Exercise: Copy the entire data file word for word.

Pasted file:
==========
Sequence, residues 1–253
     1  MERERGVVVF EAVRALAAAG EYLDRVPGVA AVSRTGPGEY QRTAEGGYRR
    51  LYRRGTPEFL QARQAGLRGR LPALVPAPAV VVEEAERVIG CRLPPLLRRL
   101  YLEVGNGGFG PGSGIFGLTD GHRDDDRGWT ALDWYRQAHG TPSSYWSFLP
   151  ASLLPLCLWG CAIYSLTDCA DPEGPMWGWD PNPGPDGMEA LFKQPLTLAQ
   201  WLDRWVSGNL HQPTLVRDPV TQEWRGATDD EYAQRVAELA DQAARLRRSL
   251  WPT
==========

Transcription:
Sequence, residues 1–253
     1  MERERGVVVF EAVRALAAAG EYLDRVPGVA AVSRTGPGEY QRTAEGGYRR
    51  LYRRGTPEFL QARQAGLRGR LPALVPAPAV VVEEAERVIG CRLPPLLRRL
   101  YLEVGNGGFG PGSGIFGLTD GHRDDDRGWT ALDWYRQAHG TPSSYWSFLP
   151  ASLLPLCLWG CAIYSLTDCA DPEGPMWGWD PNPGPDGMEA LFKQPLTLAQ
   201  WLDRWVSGNL HQPTLVRDPV TQEWRGATDD EYAQRVAELA DQAARLRRSL
   251  WPT